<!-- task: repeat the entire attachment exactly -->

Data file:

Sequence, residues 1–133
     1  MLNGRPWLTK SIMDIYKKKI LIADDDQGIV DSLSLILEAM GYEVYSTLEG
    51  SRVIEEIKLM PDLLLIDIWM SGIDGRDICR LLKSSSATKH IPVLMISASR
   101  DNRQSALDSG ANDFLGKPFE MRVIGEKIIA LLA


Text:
Sequence, residues 1–133
     1  MLNGRPWLTK SIMDIYKKKI LIADDDQGIV DSLSLILEAM GYEVYSTLEG
    51  SRVIEEIKLM PDLLLIDIWM SGIDGRDICR LLKSSSATKH IPVLMISASR
   101  DNRQSALDSG ANDFLGKPFE MRVIGEKIIA LLA